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On my stem a label says "All max. 8 Nm" next to the handlebar clamp bolts.

This is the only labeling:

Labeling on the stem next to the handlebar clamp bolts: "All max. 8Nm"

On the internet I found other values ranging from 20 - 30 or even 10 - 30.

Refer to:

Shall I assume this torque for the steerer tube bolts too?

It's about these two (not the top one):

The steerer tube camp bolts in question have no label next to them

I went with 15 Nm and think I'm OK with that.

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    15 seems really high, even my single bolt seatpost binder only uses 13. My steerer is using 5Nm per bolt. That writing probably means what it says. It’s super easy to strip out alloy and a brief internet browse seems to indicate 4-6 max for these bolts. – Warren Burton Jan 3 at 20:07
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    I totally agree; 8Nm is the highest value I've seen (the 2 bikes I ride most often are 4 and 5), and I would not go higher than 8Nm on yours. – DavidW Jan 3 at 20:59
  • 8Nm is the max, I would use 7. – Vladimir F Jan 3 at 23:47
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    As long as your handlebars won't twist relative to the bar when cycling normally the bolts needn't be tighter. You can feel the force needed to twist the handlebars by holding the front wheel in between you legs and pulling on one side of the handlebar with one hand whilst pushing the other side away from you with the other hand. It should flex a bit but shouldn't move easily either – Maarten -Monica for president Jan 4 at 0:17
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    15 is way overtightened for M5 bolts like this. There are stem bolts that have those kinds of numbers for much larger diameter bolts. – Nathan Knutson Jan 4 at 1:19
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The specified torque in your case most likely applies to all four stem plate bolts, and most probably to its two steering tube bolts, that is, only to all bolts sitting in the stem itself. 8 Nm is an adequate value for an aluminum stem.

Many other bolts on the bicycle typically require less torque values (other things sitting on the handlebars typically need around 5 Nm, and usually even less), and only a couple of places do specify values larger than 10 Nm (a cassette lockring and some crank bolts come to mind).

I went with 15 Nm and think I'm OK with that.

Because those two bolts likely clamp a steering tube made of steel, you are unlikely to have damaged anything (yet) by overtightening. I would strongly suggest you to obey the specification, undo both bolts and lower their torque to 8 Nm. If you have a carbon steering tube, there is a risk that you have already damaged it.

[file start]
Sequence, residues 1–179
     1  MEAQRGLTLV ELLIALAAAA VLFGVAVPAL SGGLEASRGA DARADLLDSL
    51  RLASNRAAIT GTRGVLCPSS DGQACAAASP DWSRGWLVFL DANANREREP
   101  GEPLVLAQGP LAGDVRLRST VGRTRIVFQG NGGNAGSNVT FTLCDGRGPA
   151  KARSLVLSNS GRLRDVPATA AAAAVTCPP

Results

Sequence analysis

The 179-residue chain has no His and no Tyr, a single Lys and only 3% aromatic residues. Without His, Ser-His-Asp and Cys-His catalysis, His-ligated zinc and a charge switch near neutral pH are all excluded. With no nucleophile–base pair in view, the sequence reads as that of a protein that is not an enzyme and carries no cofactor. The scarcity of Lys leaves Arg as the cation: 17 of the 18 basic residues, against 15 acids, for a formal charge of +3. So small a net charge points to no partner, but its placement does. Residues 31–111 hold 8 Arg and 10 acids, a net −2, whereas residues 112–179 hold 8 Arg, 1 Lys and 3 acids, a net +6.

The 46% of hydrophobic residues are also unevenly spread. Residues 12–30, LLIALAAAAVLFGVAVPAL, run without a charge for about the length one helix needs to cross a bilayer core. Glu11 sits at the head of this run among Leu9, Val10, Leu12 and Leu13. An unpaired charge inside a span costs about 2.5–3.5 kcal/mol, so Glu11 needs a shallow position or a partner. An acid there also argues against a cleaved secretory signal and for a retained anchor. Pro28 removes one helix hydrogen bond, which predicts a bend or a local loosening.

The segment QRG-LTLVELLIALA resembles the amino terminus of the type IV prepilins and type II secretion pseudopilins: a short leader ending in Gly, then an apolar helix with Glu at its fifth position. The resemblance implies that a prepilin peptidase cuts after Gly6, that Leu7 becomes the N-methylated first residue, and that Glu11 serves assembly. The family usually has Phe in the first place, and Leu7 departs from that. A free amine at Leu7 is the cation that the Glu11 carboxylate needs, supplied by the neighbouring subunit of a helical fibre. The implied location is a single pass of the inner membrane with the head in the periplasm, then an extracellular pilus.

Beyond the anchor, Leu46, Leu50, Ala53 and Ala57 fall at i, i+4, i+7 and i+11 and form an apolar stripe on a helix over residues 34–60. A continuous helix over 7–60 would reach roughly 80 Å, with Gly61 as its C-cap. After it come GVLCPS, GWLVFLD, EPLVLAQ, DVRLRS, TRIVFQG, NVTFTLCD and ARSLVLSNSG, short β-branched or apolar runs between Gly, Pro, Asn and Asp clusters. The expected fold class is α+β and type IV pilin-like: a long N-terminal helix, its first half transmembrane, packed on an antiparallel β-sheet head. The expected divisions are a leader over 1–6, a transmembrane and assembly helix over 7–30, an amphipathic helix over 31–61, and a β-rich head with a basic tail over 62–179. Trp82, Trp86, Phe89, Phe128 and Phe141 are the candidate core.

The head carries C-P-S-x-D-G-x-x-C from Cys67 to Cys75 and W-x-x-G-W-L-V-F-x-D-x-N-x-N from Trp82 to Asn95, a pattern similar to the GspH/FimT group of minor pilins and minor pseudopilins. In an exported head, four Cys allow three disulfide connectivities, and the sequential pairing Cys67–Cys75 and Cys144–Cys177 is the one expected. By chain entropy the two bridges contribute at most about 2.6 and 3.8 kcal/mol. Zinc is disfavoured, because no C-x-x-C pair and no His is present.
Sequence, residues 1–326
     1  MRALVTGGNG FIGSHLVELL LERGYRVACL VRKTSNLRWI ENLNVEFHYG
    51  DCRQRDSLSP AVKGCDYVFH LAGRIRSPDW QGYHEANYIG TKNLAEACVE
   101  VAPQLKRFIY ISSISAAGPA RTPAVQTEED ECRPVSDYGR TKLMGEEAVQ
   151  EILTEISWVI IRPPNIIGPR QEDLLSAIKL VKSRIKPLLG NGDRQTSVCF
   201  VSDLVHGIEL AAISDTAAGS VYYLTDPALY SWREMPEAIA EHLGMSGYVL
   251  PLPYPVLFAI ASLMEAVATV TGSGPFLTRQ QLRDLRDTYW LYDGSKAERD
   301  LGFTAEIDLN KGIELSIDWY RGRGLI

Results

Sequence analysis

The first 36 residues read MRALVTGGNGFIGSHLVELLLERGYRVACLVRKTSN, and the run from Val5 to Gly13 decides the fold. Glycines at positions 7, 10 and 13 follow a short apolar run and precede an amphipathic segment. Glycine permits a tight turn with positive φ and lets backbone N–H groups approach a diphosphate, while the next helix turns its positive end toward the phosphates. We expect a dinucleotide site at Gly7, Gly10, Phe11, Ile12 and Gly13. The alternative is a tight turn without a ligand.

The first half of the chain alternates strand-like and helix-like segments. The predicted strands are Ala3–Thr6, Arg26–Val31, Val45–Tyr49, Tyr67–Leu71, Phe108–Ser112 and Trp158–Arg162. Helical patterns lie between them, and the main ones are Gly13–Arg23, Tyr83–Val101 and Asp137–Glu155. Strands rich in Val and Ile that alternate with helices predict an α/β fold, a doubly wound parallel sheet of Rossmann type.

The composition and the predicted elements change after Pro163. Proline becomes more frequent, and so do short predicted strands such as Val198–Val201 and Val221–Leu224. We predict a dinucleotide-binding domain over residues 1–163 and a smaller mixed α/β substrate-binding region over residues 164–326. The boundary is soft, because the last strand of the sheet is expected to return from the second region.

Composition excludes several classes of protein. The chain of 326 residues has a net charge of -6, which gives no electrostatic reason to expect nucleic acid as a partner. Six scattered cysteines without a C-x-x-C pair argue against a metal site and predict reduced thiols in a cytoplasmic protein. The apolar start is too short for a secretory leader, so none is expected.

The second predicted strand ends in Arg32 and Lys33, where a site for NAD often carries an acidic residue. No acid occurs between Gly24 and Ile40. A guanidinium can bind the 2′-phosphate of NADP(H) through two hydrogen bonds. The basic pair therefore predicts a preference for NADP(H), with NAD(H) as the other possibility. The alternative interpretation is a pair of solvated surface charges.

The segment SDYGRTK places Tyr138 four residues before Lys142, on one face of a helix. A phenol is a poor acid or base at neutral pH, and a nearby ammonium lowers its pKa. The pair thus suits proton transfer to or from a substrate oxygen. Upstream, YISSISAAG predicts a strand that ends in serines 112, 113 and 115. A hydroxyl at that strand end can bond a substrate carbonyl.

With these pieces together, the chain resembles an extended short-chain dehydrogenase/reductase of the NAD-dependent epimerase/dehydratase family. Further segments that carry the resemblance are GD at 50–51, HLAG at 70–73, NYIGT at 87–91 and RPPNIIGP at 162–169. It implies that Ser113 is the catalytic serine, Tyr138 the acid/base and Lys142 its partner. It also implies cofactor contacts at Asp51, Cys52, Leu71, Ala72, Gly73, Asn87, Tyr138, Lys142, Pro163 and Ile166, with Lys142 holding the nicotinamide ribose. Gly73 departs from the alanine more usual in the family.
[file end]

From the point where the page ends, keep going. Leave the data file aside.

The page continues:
There are no benefits in exceeding recommended torque values. It does not make bolts less susceptible to loosening under vibration; use retaining compound or grease to prevent that. It does not help with preventing rotation of components (e.g. stem around the steering tube) if the tolerances of involved components are correct.

Overtightening can, however, decrease life span of components (fatigue cracks slowly developing under the stem) or damage them straight away, and/or damage threads on either stem or bolts, causing them to loosen.

P.S. The word "all" has always been vague in meaning, as nobody can tell what is not included into the "all".

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    "Because those two bolts likely clamp a steering tube made of steel"; I believe OP says those are the handlebar clamp screws (2 of 4 shown). So it's probably clamping aluminum, and may already have damaged it. (Having had a handlebar break in half on me while riding, I'd strongly recommend he remove the handlebar and check it for damage before attaching it with no more than the recommended torque.) – DavidW Jan 3 at 21:53
  • Not sure where Steel comes from - its not mentioned in the question. The clamping force on the alloy threads in the stem is what will suffer first. – Criggie Jan 4 at 1:44
  • Grigory, thanks for the detailled explanation. +1 I've undone the two screws and redone them with 8 Nm. The last setting actually was 12 Nm, not 15 Nm as initially said, though it probably does not make thinks much better. :/ @Criggie: I've initially sayd the "steer tube clamp screws" (hoping this was unambiguous) and added a photo now. – try-catch-finally Jan 4 at 8:39
  • I thought it was a recent Cube bike with carbon forks. That means a carbon steerer. In a comment linking here they mentioned "clamping the steerer too tight". – gschenk Jan 18 at 22:36

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